Hi,

> I noticed I had debugging
> turned on and this made IIS single threaded.

Ah, you're using IIS.  Are you using session variables by any chance?
IIS may be serializing access to the session (e.g., queuing up any
further requests).  When you were testing simultaneous access from
other windows, did you make sure to be in the same session?

There there's app pools.  Your app pool may be configured to only
process a single request at a time.  IIS has lots of settings around
this stuff, many of which seem to me to have somewhat odd
defaults... :-)  (But actually, if you were doing things with the same
app in a different window successfully, it wouldn't be app pools,
never mind.)

> Based on your response, it sound like this is the way Ajax is supposed
> to work.

No, it's nothing to do with Ajax itself.  It's all down to whether the
browser or server is queuing up requests, or whether the thread is
tied up (JavaScript is single-threaded in this context).  So for
instance, you can tie up the thread by doing a synchronous request
(asynchronous: false in the options).  That brings that browser window
(at least) to a screeching halt until that request is completed, and
with some browsers, it's all windows, not just the one.  So...don't do
synchronous requests (not that you are, in your code example you're
using asynchronous: true -- which is the default, you can leave it out
if you like).

This issue of multiple concurrent requests has come up a couple of
times lately in the forum, including a thread in which Safari seemed
(to the poster) to be only allowing *one* request at a time to the
same server (his issue involved a file upload, though, which may be
special).  So I thought I'd create a contained test to double-check
things[1].  My test has two HTML files and a JSP (since I'm a Java
guy), but the JSP is trivial, you can easily replace it with a PHP or
VB.Net equivalent.  It just ensures that it takes a least a given
amount of time before returning (in a way that I would _never_ put on
a live system).

So if you load up longtest1.html and click the "Long Request" button,
it starts a five-second request.  Then while that's running, you can
use the "Short Request" button to try a short Ajax request running
concurrently with the long-running one, or use the link to move to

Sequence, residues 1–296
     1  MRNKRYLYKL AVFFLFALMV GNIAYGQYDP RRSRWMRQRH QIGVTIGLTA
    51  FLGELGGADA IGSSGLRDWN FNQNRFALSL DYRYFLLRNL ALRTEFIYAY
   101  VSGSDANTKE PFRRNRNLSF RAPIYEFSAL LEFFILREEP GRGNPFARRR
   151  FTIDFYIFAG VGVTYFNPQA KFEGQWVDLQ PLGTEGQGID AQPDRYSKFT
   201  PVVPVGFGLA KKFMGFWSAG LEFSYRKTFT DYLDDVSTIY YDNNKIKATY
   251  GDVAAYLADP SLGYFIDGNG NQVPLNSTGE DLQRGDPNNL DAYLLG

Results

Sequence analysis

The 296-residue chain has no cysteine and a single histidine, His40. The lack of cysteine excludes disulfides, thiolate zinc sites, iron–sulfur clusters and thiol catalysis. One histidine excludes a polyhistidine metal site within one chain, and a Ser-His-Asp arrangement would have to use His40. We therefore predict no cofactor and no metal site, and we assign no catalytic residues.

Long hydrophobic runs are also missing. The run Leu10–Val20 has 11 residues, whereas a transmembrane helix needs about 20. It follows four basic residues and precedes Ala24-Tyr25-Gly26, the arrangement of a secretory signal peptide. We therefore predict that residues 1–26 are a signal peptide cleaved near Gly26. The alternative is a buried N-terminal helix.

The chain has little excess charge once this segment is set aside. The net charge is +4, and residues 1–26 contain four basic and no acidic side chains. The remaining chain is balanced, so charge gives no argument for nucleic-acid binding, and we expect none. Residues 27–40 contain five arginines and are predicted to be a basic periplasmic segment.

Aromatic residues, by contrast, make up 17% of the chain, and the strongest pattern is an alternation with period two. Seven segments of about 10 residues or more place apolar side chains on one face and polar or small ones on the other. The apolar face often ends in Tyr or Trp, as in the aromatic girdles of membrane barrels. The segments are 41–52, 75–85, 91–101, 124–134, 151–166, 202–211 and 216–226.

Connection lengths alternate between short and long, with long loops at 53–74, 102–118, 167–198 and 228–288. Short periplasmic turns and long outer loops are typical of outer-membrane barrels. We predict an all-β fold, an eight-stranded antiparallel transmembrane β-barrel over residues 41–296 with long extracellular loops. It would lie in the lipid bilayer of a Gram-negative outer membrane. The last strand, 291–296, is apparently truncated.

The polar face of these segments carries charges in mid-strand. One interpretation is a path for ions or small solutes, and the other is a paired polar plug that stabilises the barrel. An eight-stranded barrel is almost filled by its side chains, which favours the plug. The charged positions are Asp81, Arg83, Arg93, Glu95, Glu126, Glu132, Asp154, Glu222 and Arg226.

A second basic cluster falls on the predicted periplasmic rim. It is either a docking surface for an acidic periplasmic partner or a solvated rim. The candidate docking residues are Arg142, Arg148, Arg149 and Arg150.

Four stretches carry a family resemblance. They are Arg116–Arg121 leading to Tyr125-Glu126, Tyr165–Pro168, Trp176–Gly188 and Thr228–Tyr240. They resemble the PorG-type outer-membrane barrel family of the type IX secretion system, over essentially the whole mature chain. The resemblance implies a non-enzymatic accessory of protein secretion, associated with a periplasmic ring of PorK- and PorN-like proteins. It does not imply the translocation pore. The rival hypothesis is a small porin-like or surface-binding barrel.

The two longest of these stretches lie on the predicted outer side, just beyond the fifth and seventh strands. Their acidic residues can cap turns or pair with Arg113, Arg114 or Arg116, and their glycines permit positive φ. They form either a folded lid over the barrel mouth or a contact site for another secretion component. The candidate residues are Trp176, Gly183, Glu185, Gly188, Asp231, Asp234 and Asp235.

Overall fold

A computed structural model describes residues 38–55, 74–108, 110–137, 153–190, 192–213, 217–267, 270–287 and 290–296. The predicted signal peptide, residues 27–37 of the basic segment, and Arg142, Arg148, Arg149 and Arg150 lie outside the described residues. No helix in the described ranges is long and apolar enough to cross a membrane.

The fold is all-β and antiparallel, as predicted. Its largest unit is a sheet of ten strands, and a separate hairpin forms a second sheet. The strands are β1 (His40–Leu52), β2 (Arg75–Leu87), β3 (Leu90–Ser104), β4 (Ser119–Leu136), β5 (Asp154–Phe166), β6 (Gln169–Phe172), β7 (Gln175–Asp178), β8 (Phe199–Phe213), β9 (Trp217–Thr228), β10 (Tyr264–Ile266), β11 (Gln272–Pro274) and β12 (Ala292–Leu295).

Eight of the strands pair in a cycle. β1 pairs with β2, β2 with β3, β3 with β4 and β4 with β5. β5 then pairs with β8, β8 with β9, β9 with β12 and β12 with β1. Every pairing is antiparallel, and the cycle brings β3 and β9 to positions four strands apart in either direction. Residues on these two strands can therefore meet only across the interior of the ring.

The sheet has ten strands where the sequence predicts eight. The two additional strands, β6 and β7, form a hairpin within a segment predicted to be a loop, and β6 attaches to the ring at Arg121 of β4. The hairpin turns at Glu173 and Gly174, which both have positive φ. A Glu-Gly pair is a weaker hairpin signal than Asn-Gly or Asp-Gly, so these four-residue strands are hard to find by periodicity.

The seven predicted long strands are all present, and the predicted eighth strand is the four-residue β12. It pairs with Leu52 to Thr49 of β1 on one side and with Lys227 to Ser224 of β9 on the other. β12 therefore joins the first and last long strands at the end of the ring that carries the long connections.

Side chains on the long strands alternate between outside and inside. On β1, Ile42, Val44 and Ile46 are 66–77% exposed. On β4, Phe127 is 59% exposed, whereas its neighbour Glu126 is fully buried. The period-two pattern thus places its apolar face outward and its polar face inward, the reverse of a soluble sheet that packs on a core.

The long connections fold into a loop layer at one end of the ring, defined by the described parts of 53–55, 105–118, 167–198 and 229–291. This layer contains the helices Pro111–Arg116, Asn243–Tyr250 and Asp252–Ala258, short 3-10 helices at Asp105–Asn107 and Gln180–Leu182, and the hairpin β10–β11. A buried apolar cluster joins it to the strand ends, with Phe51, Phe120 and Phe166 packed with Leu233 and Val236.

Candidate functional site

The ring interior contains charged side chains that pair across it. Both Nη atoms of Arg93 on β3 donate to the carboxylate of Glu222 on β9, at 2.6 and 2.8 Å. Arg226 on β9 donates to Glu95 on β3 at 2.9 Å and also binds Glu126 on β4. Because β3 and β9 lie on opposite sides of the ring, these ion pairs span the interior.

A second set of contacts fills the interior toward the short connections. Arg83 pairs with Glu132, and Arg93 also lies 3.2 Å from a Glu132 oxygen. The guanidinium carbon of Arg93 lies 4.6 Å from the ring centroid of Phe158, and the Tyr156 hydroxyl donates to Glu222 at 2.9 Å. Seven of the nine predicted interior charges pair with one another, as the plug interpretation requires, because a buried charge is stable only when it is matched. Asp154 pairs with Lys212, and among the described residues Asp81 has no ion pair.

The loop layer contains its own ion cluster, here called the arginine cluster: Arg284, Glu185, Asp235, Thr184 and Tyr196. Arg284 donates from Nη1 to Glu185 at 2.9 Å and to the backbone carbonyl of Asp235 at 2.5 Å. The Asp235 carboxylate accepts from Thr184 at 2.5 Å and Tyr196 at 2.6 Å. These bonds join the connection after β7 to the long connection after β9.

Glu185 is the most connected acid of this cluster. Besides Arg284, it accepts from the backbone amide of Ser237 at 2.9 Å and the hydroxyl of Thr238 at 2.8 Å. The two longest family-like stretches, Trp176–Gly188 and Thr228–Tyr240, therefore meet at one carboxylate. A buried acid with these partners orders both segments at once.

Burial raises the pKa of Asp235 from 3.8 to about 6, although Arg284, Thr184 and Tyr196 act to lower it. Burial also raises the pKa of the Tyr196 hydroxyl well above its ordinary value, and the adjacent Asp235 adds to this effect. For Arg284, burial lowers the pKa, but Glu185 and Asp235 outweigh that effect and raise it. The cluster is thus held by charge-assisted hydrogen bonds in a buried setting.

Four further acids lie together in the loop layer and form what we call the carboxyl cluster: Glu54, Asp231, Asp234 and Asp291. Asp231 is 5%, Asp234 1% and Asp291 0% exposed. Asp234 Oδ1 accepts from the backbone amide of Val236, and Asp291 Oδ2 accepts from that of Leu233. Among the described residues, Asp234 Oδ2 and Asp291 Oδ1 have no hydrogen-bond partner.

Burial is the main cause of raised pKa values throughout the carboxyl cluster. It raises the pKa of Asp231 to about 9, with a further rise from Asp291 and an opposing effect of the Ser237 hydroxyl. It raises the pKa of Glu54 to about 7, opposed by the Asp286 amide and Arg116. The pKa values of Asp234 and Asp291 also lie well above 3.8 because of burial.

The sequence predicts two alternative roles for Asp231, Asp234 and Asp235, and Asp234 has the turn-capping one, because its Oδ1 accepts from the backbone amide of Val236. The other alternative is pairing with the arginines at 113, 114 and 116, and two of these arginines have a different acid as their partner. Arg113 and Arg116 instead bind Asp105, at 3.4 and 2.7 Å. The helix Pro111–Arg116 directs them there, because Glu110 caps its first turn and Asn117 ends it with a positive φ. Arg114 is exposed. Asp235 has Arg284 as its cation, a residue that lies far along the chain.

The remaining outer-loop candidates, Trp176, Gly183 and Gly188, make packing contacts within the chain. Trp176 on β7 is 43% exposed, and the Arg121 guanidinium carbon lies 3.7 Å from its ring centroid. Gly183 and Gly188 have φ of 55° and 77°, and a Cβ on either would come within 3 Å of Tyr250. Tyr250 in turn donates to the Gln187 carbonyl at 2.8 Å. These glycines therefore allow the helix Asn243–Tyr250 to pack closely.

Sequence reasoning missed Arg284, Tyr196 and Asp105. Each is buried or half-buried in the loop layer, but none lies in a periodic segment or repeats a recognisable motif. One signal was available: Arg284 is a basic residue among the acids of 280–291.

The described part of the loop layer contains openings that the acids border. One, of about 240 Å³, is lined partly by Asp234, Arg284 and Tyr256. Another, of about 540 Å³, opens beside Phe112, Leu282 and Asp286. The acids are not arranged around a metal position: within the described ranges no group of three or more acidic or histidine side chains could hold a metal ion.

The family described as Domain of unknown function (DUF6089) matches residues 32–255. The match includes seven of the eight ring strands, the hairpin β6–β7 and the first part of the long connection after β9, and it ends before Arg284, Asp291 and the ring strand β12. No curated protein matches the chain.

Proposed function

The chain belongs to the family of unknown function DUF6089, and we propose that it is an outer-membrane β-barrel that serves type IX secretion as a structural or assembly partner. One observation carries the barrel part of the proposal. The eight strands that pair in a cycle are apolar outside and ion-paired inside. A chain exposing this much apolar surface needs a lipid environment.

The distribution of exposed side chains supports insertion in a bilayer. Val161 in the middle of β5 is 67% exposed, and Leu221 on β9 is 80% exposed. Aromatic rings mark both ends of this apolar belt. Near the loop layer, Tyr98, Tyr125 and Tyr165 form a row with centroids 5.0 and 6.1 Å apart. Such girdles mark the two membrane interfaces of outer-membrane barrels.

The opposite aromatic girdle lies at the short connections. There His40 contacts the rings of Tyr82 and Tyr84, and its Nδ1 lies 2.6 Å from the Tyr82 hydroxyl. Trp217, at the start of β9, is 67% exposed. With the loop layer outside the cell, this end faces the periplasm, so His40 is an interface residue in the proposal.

longtest2.html in the same window.

In my tests with the JSP running on Tomcat, all of the browsers I
tried behaved exactly as I would expect:  I could do the short request
while waiting for the long request to finish, and I could use a link
to go to another page without waiting for the long request to finish.
This is expected behavior because I never try to do more than two
requests to the server at the same time.  I tried FF3, IE6, IE7, IE8,
Safari 3 for Windows, Opera 9, and Chrome 2.

So what does that tell us?  I think it tells us that the problem
you're hitting is probably IIS configuration, but double-check you're
not doing synchronous requests or more than two simultaneous requests.

[1] http://pastie.org/522706

Hope this helps,
--
T.J. Crowder
tj / crowder software / com
Independent Software Engineer, consulting services available


On Jun 23, 9:45 pm, franklinhu <frankli...@yahoo.com> wrote:
> On Jun 23, 10:26 am, "T.J. Crowder" <t...@crowdersoftware.com> wrote:
>
>
>
> > Hi,
>
> > Weird, the way things seem to run in themes in the group.  I just
> > posted this to another thread[1] here:
>
> > * * * *
> > Most browsers, and most servers, place a limit on the number of
> > simultaneous connections between the same endpoints, and typically
> > that limit is two simultaneous connections.  I don't immediately have
> > a reference for that, but if you search on "simultaneous HTTP
> > connection limit" or "concurrent HTTP connection limit" or some such,
> > you'll find info on it.  Note, again, that this is done at the browser
> > level and also, sometimes, at the server level, and it varies by
> > vendor (and configuration).
> > * * * *
>
> > [1]http://groups.google.com/group/prototype-scriptaculous/browse_thread/...
>
> > > I have been looking for some kind of cancel